Joy's grandpa, my father, sent me an e-mail the other day about a world premiere dance performance he had attended this weekend, together with Joy's grandma. We talked about it the following day, and the conversation & e-mail are blended together in the words below.
On Saturday evening Joy's grandma and I went to Wichita State University for the world premiere of a new dance work titled "beyond.words." "Beyond.words" was created to raise autism awareness.
It was a deeply moving experience.
Seven performers from the New York dance company "dre.dance," joined by seventeen performers from the Wichita State University dance program, performed the work. The hour-long work portrays the life of one person on the autism spectrum, from youth to manhood to middle age. The dance movements are based upon repetitive motions, stimming activity, wild running, etc. typical of autistic persons.
We recognized a lot of what we have seen in Joy. Having chased Joy up and down the hallways at church, I almost laughed to see seven or eight dancers running full tilt across the stage and then dashing back. At times I thought I was feeling what it might be like to be inside the brain of someone with autism, there was so much going on.
Some of it was strange and frightening. Much of it was beautiful. It brought us to the edge of tears.
The creators of the new work are Andrew Palermo, a dance master, and Taye Diggs, a Broadway-movie-TV star. Palermo has been artist in residence at Wichita State University for the past year.
In a talk-back session after the peformance, the dancers spoke with enthusiasm about their visit to a local autism therapy facility where they had done part of the work and been received warmly. The work intends to "raise awareness that autism is not something to be 'cured' but to be accepted."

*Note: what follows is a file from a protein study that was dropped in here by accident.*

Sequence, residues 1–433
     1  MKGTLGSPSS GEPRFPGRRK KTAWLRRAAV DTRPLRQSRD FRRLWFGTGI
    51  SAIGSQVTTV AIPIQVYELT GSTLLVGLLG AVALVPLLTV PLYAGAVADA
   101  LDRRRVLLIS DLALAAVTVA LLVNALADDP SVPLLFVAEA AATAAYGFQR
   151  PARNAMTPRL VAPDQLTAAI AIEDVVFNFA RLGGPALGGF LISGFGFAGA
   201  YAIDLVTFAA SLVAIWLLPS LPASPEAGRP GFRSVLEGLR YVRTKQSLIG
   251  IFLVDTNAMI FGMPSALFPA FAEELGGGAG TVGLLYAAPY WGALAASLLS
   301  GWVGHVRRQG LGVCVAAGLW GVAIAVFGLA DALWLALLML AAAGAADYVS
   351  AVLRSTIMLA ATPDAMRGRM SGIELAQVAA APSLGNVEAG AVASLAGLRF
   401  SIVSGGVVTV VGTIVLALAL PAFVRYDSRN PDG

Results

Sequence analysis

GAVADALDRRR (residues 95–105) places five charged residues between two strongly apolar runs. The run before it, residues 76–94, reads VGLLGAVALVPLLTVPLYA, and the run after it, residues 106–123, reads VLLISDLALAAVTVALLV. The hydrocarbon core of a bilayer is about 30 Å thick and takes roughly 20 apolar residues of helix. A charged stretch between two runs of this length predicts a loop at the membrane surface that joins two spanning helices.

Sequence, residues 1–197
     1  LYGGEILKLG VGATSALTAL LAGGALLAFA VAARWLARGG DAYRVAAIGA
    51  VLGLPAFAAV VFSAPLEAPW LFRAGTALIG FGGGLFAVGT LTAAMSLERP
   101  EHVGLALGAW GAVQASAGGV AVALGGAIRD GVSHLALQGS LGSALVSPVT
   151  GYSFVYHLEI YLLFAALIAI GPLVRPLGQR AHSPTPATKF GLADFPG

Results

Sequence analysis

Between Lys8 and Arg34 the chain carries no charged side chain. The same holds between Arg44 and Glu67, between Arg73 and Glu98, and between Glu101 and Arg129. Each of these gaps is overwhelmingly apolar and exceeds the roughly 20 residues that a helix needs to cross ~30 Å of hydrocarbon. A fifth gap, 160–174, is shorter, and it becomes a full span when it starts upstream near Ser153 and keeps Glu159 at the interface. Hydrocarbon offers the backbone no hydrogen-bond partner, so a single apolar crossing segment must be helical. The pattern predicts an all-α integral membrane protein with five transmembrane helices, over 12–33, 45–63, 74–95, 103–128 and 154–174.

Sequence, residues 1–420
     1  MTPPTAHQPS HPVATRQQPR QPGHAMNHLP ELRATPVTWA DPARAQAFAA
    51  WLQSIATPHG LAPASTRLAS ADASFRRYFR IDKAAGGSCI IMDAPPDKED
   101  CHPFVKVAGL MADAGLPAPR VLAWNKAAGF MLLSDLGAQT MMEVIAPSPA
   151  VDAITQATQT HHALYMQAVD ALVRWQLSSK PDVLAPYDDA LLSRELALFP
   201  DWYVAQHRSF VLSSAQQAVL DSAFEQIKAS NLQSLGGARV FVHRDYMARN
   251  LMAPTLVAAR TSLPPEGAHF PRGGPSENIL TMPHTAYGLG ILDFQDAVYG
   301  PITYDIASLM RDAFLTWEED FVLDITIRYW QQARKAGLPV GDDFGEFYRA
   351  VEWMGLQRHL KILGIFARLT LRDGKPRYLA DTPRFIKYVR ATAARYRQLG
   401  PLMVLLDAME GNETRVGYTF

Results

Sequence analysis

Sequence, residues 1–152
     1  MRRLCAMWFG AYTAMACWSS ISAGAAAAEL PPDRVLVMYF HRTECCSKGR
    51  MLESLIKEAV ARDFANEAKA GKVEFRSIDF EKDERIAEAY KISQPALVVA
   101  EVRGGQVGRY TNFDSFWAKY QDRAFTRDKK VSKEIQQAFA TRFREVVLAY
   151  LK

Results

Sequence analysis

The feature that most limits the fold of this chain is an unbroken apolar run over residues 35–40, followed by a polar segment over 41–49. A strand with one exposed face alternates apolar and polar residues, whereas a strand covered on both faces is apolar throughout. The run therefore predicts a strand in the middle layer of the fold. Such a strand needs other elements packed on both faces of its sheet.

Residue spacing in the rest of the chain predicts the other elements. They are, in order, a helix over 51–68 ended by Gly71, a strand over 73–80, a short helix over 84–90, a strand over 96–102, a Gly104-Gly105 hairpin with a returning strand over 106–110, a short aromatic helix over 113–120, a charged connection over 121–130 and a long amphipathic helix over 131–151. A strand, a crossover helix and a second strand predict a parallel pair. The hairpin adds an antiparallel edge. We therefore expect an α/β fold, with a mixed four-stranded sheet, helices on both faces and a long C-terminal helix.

Palermo and Diggs plan to take "beyond.words" on a national and world tour next fall. Anyone with concerns or connections to persons on the autism spectrum would be enriched by seeing this show.
UPDATE: I've found another blog-review of beyond.words that goes into more detail on the story-line of the work.
JoyMama again -- my father also pointed me in the direction of an article in the Wichita Eagle from the day before the performance, with more interview goodies from the show's creators.
He said that there has been some criticism of the work to the effect that it glorifies autism, making the strange and sometimes-disturbing movements of autism into beautiful dance and turning it into more gift than burden. To which I say... what a lovely corrective. We could use to see more of that facet of the complex truth that is autism. It helps to counterbalance the bruise-and-bite side of things!
I wish I could have been there, and I sure appreciate the review and the chance to share it. Thank you to my father for being so attuned to life with Joy, and for contributing to the blog as well as faithfully following it!
P.S. Several things I've read recently, of which the review reminds me:
Dancing in the Window by rhemashope at Autism in a Word
The Supercharged Brain by Kristina at Autism Vox
Where He Lives by Emily at A life less ordinary?